George Chapman Caldwell

From Wikipedia, the free encyclopedia
Jump to navigation Jump to search
George Chapman Caldwell
BornAugust 14, 1834
Framingham, Massachusetts
DiedSeptember 7, 1907 (1907-09-08) (aged 73)
Ithaca, New York
Alma materHarvard University,
University of Göttingen
OccupationAgricultural chemist, horticulturalist, instructor
Spouse(s)Rebecca Stanley Wilmarth
ChildrenGrace Wilmarth Caldwell[1]
Parent(s)Jacob Caldwell,
Mary Ann Patch

George Chapman Caldwell (August 14, 1834 – September 7, 1907) was an American chemist, horticulturalist, and instructor.

Born August 14, 1834 in Framingham, Massachusetts, the son of Jacob Caldwell and Mary Ann Patch, in 1851 he matriculated to Harvard University where he studied at the Lawrence Scientific School. After graduating in 1855, he spent two years studying at the laboratory of Friedrich Wöhler in the University of Göttingen, followed by a year at Robert Bunsen's laboratory at Heidelberg.[2] He was awarded a Ph.D. from Göttingen University in 1856.[3]

Returning to the United States, in 1859 he was appointed assistant professor of chemistry at Columbia College, where he remained until 1860 when he was appointed professor of chemistry, botany, and physics at Antioch College. In 1861 he was married to Rebecca Stanley Wilmarth. Following the start of the American Civil War, he became chief clerk and hospital visitor for the United States Sanitary Commission during 1862–64, whereupon he was named professor of chemistry for the Pennsylvania State College. In 1867 he became vice president of the college.[2]

With the founding of Cornell University in 1868, he was recruited to serve as professor of agriculture and analytic chemistry—becoming the first professor appointed at the University.[2] While Dr. Caldwell was chair of the chemistry department at Cornell, it expanded from a single classroom and laboratory into a department that occupied two buildings, making it one of the world-leaders in chemistry education and research.[4] A number of graduates of the department, among whom were students of Dr. Caldwell, became notable soil scientists.[5] In 1869, he published Agricultural Chemical Analysis, the first textbook on agricultural science.[6] He became head of the newly founded Cornell University Agricultural Experiment Station in 1879. In 1903, Caldwell was named professor emeritus,[2] then he retired on June 7, 1906.[7] He died September 7, 1907 at Ithaca, New York.[4]

Dr. Caldwell helped to found the Society for the Promotion of Agricultural Science and served as president of the Official Agricultural Chemists.[3] He was a fellow of the American Association for the Advancement of Science and was elected vice president in 1881.[8] In 1892, he was elected President of the American Chemical Society.[2] Caldwell Hall on the Cornell University campus was named after him in 1913.[4] His daughter Grace Wilmarth Caldwell graduated with an A.B. from Cornell in 1892.[1]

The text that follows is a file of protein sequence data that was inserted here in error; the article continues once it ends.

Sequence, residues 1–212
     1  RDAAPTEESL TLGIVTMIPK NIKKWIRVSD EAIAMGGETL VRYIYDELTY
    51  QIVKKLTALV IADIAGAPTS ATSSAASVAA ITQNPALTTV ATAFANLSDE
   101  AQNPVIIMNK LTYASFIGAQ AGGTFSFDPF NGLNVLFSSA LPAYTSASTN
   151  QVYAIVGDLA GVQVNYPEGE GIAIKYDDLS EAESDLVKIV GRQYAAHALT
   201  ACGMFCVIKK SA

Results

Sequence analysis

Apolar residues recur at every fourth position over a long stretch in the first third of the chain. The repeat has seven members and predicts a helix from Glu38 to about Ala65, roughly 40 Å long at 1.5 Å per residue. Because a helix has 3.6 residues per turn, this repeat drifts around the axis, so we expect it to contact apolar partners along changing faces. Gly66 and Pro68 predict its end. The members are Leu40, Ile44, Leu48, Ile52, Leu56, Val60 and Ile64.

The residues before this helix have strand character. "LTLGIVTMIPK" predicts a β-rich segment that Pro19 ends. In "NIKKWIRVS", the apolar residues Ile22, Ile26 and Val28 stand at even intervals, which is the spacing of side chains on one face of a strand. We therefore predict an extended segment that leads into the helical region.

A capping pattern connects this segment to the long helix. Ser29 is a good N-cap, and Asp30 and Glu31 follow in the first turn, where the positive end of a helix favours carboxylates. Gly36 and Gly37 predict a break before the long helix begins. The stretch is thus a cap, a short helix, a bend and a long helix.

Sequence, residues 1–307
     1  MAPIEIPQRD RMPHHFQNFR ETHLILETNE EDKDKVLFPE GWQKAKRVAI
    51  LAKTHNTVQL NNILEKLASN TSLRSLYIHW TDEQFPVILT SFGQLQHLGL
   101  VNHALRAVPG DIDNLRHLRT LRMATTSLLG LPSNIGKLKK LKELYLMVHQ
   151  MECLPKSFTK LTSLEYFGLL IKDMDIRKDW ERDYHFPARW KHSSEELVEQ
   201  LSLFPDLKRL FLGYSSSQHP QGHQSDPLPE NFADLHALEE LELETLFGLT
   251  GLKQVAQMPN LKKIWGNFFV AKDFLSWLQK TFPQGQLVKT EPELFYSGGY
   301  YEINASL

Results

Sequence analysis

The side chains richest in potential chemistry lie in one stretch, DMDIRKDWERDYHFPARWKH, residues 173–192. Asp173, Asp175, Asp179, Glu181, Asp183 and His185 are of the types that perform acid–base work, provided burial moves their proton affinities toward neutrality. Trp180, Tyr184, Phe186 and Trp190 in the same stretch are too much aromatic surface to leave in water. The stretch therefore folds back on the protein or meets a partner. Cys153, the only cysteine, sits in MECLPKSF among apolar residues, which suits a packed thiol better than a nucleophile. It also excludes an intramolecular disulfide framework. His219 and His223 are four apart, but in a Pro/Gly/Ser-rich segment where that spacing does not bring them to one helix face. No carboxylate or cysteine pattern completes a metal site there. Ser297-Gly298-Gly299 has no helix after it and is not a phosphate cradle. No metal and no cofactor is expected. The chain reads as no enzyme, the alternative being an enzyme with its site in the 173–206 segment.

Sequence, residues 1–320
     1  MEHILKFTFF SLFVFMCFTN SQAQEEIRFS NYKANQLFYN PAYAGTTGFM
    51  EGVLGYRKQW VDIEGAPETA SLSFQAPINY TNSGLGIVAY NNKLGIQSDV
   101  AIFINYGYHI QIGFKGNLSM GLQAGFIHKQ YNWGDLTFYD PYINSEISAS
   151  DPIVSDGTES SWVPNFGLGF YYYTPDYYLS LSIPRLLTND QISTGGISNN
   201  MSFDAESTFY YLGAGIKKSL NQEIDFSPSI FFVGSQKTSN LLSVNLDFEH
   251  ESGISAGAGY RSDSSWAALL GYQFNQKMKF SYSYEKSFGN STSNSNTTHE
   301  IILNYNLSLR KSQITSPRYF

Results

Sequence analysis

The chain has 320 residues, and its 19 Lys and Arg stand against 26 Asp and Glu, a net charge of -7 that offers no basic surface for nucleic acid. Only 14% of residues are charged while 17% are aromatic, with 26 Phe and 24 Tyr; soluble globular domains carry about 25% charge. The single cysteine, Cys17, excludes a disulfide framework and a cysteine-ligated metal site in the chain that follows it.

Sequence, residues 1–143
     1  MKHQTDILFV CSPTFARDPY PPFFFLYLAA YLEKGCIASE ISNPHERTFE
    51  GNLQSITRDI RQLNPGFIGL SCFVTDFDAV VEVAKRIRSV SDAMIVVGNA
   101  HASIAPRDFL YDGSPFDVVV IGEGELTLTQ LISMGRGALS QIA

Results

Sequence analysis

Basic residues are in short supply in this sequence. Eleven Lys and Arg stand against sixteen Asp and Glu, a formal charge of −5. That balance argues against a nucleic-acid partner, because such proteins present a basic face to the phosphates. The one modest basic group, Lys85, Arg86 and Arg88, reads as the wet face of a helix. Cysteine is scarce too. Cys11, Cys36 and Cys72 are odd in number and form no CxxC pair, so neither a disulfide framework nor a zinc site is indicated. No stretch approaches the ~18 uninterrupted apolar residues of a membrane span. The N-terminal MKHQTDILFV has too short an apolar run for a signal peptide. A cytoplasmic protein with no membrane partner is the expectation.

• Agricultural Chemical Analysis,[6] 1869
  • Manual of Introductory Chemical Practice,[9] 1875, with Abram A. Breneman
  • The American Chemist,[9] 1894
  • Elements of Qualitative and Quantitative Chemical Analysis,[9] 1894


  1. ^ a b Leonard, John William, ed. (1914), Woman's Who's Who of America: A Biographical Dictionary of Contemporary Women of the United States and Canada, 1914-1915, New York: American Commonwealth Company, p. 169.
  2. ^ a b c d e Green, W. J. (1910), Bailey, L. H., ed., "Farm and community", Cyclopedia of American Agriculture (2nd ed.), New York: The Macmillan Company, 4, p. 560.
  3. ^ a b "George Chapman Caldwell", The Cyclopaedia of American Biographies (Reprint ed.), Kessinger Publishing, p. 542, 1897, ISBN 142548610X, retrieved 2013-04-28.
  4. ^ a b c "George Caldwell, 1872–1886", The University Faculty, Cornell University, 2005, ISBN 142548610X.
  5. ^ Good, Gregory, ed. (1998), "Sciences of the Earth: A-G", Garland encyclopedias in the history of science, Psychology Press, 3, p. 22, ISBN 081530062X, retrieved 2013-04-28.
  6. ^ a b Wiley, Harvey W., ed. (1908), "Obituary", Bulletin, U.S. Department of Agriculture Bureau of Chemistry, Washington, D.C.: U.S. Government Printing Office (116), p. 132.
  7. ^ "George Chapman Caldwell", The Carnegie Foundation for the Advancement of Teaching, New York: U.S. Government Printing Office, p. 116, 1907.
  8. ^ Bailey, Liberty Hyde; Miller, Wilhelm (1909), Cyclopedia of American Horticulture: R-Z, New York: The Macmillan Company, p. 560.
  9. ^ a b c "Online books by G. C. Caldwell", The Online Books Page, University of Pennsylvania, retrieved 2013-04-28.